It was barely larger than her palm, a nondescript box without any indication of what might be inside. She lifted the lid away completely to reveal a silver key so black with tarnish it was almost lost among the folds of the black silk scarf that cushioned it. The word key could be used only in the loosest sense. Glory removed it from its nest and examined the animal menagerie which gathered along its bow and handle. The animals, if that was what they were supposed to depict, flowed over and through one another like Celtic knot work. Some seemed to carry an almost Egyptian distinction, as if they had once been hieroglyphics which had melted together until any message they were meant to convey was lost. The blade, or blades as it seemed to constantly reveal more while she turned it in her hand, was a thing of strange geometries, as if it existed in more than one dimension. She could not imagine the lock such a key was meant to fit.
And still, it seemed to her that it was incomplete. When it had lain in the box, it appeared that the blade was flat. Why should it have one flat side when turning it showed more sides than it could reasonably have… unless half of it was missing and that one flat plane was where it had broken.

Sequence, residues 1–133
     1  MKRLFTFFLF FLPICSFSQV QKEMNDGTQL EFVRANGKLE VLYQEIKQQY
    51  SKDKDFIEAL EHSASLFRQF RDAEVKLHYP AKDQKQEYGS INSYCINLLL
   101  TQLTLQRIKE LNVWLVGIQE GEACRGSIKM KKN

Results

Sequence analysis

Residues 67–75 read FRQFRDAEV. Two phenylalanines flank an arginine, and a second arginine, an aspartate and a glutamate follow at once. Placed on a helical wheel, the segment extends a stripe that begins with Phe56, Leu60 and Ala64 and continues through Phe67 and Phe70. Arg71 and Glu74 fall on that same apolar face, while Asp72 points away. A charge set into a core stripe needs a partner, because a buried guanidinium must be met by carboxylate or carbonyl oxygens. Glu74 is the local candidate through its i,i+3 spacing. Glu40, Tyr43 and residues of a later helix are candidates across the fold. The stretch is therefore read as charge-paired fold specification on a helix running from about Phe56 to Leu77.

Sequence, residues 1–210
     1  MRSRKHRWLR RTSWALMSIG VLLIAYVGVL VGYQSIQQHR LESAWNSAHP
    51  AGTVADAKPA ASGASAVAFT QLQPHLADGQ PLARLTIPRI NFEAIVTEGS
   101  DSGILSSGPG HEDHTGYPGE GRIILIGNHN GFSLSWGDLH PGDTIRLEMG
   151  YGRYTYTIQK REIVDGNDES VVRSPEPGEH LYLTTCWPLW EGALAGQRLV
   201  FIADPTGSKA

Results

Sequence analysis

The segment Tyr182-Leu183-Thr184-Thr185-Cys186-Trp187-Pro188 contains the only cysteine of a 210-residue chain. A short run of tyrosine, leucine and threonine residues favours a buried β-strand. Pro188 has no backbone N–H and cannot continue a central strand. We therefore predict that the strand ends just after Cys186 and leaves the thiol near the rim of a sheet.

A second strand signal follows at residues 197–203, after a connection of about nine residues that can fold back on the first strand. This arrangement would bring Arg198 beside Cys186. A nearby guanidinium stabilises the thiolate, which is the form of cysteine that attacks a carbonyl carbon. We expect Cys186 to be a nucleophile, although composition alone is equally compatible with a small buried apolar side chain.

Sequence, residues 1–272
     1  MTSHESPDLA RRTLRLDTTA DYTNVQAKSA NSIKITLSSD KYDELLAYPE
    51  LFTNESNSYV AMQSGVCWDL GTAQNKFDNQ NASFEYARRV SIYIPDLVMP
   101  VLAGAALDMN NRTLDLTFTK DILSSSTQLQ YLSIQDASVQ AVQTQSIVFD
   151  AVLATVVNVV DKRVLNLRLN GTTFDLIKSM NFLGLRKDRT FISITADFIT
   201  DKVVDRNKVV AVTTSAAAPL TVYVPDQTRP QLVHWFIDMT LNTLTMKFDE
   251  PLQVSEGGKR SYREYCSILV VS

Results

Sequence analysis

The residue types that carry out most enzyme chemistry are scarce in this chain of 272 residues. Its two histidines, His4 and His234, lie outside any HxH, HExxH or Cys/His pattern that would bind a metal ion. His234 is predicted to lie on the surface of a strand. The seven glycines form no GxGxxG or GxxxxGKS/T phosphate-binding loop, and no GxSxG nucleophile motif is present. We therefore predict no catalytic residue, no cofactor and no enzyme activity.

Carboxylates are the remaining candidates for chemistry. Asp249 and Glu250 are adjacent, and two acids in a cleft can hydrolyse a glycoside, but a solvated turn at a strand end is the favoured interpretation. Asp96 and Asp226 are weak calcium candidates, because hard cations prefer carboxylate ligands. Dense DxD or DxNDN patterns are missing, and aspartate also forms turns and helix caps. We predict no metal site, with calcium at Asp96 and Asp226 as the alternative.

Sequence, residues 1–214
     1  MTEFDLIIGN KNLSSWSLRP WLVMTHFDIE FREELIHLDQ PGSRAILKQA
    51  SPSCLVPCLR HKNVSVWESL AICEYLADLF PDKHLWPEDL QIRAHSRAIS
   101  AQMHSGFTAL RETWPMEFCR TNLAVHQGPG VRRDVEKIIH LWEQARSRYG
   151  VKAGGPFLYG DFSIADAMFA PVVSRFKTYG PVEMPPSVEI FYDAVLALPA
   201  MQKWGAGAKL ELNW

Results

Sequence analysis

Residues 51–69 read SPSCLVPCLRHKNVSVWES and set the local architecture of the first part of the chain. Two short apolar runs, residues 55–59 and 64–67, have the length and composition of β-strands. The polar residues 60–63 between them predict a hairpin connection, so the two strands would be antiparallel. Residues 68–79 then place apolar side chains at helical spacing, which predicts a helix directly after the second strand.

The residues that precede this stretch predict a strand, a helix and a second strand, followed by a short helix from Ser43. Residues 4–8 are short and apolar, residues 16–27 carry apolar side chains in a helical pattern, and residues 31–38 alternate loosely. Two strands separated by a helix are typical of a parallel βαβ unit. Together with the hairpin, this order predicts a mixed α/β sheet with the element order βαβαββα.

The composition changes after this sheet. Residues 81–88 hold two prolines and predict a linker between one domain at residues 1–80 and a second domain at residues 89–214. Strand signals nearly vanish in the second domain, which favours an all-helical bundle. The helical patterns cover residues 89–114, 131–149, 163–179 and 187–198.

“It is an Elder Key,” Atal said. “One of two, the other being lost in the pit of Y’qaa by the prehuman sorcerer Haon-Dor. This one has only come to us recently by strange chance, and I think perhaps it was meant for you.”
Ah-ha… Glory had read the story of Haon-Dor in the book Atal had given her, though the key wasn‘t quite as she‘d pictured it. He hadn‘t seemed to use it as a key at all, but as a sign of his right to seek Y‘qaa. If he’d had only had half the key, that might explain why all of the creatures he had encountered had seemed to mock him even as they let him pass. They had known his mission would fail, though he had given up without really trying once he finally confronted the horror of Ubbo-Sathla.
“Thank you,” she said, returning the key to its box and holding it awkwardly in her hand, her mind already revolving around the problem of why there should be two keys unless both were needed. She doubted the Elder Gods, or whoever had made them, would need a copy… not if they had designated only one jailer.
“I have contracted a guide to Mount Lerion, and he will see you to Ygiroth on the morrow. Unfortunately, only treasure hunters make regular journeys into the city itself and few enough of those return. I suggest you finish your reading and get some rest,” the old man said. “I will have someone bring your companion food.”
“Thank you,” she said again and turned to go, not bothering to tell him that in addition to food, she did not really sleep. Unconsciousness simply wasn’t the same thing.
Milet jumped up and threw her arms around her from behind. “I’ll miss you,” she said as Glory twisted to look down at her. “I was scared… in Ilarnek and Kadatheron, but I’m glad you picked me. Thank you.”
“It’s alright, sweetie. Be good,” Glory said, putting an arm around Milet as the girl made no move to release her so she could get both arms around her. “I’ll come back and visit if I can.”
“I will,” the girl promise, giving Glory another squeeze before letting go.
to Book 6, part 3, page 40